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Bolus Versus Prolonged Infusion of Meropenem in Newborn With Late Onset Sepsis

Information source: Mansoura University
ClinicalTrials.gov processed this data on August 23, 2015
Link to the current ClinicalTrials.gov record.

Condition(s) targeted: Late Onset Neonatal Sepsis

Intervention: Meropenem. (Drug)

Phase: Phase 3

Status: Completed

Sponsored by: Mansoura University


Newborns in the neonatal intensive care unit (NICU), especially premature ones with immature organ systems, frequently suffer nosocomial infections caused by microorganisms resistant to narrow-spectrum antibiotics like ampicillin and gentamicin and require introduction of new agents with a wider spectrum of activity. Meropenem has activity against wide variety of Gram-negative and Gram-positive bacteria. It is well tolerated by children and neonates, including preterm babies, and allowing monotherapy instead of combined therapy. Severe neonatal infections with increasing antibiotic resistance are major problems affecting morbidity and mortality in the NICU. Few number of new antibacterial agents entering the clinic and new agents for multi-drug resistant Gram-negative bacteria will unlikely be available in the near future.

Clinical Details

Official title: Bolus Versus Prolonged Infusion of Meropenem in Newborn With Late Onset Sepsis: A Randomized Control Trial

Study design: Allocation: Randomized, Endpoint Classification: Safety/Efficacy Study, Intervention Model: Parallel Assignment, Masking: Open Label, Primary Purpose: Treatment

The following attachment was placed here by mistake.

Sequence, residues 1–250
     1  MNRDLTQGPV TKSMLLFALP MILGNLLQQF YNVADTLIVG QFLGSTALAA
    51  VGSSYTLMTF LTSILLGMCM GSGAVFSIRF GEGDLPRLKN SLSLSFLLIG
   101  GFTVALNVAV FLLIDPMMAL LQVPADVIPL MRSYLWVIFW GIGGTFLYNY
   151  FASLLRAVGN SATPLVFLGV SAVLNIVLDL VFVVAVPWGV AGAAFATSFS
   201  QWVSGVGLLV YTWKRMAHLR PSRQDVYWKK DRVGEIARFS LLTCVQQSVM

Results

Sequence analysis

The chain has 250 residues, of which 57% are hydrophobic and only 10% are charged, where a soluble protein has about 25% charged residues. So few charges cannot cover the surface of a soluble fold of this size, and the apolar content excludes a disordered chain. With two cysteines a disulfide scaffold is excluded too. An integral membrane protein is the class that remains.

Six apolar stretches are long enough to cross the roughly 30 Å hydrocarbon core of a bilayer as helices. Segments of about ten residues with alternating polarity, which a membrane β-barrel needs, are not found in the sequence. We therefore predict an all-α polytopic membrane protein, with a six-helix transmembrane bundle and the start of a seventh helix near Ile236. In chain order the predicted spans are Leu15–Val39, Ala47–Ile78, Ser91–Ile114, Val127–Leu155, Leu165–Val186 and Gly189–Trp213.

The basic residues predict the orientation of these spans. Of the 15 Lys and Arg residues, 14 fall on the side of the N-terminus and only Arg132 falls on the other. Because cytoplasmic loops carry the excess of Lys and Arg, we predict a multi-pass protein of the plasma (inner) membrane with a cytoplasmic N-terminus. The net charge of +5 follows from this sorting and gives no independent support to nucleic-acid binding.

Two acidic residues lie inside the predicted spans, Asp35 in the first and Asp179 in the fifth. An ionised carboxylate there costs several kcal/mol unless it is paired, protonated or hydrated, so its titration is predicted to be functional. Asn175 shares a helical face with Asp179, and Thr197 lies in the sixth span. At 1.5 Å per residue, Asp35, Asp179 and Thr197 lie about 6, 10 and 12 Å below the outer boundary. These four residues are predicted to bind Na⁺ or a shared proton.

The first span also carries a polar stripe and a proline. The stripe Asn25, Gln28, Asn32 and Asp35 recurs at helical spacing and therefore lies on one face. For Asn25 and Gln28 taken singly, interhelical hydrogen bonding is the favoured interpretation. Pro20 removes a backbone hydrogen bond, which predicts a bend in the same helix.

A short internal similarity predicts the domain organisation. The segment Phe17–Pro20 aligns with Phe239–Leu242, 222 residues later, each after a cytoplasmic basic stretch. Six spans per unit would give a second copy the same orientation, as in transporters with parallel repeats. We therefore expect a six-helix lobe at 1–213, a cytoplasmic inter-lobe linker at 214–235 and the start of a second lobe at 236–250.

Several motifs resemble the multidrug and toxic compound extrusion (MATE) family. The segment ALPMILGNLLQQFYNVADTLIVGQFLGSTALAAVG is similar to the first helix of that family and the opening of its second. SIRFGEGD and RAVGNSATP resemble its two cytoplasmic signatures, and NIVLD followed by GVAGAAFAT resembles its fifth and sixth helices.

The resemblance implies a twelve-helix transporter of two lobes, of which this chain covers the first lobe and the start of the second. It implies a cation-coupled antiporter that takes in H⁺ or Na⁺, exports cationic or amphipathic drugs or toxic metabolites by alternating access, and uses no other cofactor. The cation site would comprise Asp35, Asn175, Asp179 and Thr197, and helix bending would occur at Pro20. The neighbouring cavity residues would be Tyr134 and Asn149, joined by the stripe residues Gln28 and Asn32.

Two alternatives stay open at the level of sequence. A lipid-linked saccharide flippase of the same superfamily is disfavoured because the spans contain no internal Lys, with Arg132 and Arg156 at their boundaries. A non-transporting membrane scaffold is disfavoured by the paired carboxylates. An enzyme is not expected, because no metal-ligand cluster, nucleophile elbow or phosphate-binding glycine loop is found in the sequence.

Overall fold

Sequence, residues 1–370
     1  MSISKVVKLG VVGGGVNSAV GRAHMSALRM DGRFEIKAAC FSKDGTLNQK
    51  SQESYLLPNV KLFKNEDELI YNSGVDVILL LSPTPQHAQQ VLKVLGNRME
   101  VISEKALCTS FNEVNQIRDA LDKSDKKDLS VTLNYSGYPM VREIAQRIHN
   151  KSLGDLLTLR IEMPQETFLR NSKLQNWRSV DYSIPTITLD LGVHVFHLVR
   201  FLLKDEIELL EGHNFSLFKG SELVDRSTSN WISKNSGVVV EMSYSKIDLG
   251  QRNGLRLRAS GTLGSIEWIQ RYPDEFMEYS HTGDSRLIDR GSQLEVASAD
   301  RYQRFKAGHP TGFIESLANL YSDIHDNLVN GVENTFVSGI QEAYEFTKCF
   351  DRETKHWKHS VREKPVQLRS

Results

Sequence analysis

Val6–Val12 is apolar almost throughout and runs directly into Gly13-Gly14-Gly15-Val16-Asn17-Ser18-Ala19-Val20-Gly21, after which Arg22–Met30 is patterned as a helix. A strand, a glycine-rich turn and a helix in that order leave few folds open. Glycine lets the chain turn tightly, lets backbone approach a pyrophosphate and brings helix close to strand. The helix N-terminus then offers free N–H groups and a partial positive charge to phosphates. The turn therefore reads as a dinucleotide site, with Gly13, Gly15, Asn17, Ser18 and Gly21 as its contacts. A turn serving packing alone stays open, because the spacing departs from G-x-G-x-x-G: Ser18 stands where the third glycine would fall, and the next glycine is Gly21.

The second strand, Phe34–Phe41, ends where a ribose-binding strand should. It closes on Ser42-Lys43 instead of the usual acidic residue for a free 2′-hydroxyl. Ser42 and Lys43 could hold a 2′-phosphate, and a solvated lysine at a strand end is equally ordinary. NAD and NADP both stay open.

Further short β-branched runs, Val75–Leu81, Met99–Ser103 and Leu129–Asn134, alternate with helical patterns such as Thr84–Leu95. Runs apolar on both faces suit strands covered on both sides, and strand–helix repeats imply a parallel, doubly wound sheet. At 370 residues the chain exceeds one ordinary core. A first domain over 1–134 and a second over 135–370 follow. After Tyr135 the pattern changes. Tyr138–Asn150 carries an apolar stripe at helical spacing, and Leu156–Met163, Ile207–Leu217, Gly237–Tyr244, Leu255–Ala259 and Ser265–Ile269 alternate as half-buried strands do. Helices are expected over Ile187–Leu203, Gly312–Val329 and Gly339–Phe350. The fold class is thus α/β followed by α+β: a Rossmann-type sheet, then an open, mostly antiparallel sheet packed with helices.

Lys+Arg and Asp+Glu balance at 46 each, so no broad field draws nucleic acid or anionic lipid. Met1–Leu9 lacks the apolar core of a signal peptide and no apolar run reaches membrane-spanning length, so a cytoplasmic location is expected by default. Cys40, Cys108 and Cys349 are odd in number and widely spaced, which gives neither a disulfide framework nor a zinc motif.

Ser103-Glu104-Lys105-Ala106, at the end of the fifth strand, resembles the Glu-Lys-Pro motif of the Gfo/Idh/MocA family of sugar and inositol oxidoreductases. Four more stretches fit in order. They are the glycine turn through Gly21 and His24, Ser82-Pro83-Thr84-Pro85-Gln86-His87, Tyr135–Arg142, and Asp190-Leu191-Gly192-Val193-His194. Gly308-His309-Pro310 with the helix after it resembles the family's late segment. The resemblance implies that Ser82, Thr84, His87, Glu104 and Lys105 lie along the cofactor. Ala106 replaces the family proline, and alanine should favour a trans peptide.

Primary outcome:

Clinical outcome

Microbiological outcome

Secondary outcome:

Meropenem-related length of mechanical ventilation

Meropenem-related length of NICU stay

NICU mortality

Duration of meropenem treatment

Clinical side effects of meropenem treatment

Laboratory derangement related to meropenem treatment

Detailed description: More research into existing antibiotics with novel mechanisms of action are required to combat the increased resistance and decreased development of antibiotics. Efforts were exerted to maximize antibiotic efficacy by optimal dosing based on pharmacodynamic and pharmacokinetic properties of antibiotics. Meropenem is administered mostly via a 30-min infusion, as some data indicate rapid degradation after reconstitution. Dose recommendations from two pediatric studies using Monte Carlo simulation have emphasized that a 4-h infusion may be needed if microorganisms showed increased minimal inhibitory concentrations (MICs), more specifically, for Pseudomonas aeruginosa. A prolonged-infusion strategy has not been tested in neonates, although some data suggest that extremely small infusion volumes may significantly affect the drug amount actually delivered. Aim of work: The objective of our study is to compare the clinical and bacteriological efficacy of conventional intermittent dosing of meropenem to the prolonged infusions in critically-ill neonates, with a proactive focus on reducing ventilator days in ventilated patients, length of stay in NICU, and neonatal mortality.


Minimum age: N/A. Maximum age: 4 Weeks. Gender(s): Both.


Inclusion Criteria:

- Neonates admitted to the neonatal care unit (NCU) who suffer from late onset sepsis

(LOS) at admission or during their NICU stay and receive meropenem for at least four days Exclusion Criteria:

- Acute or chronic renal failure

- Hypersensitivity or allergy to meropenem

Locations and Contacts

Additional Information

Starting date: August 2013
Last updated: July 17, 2015

Page last updated: August 23, 2015

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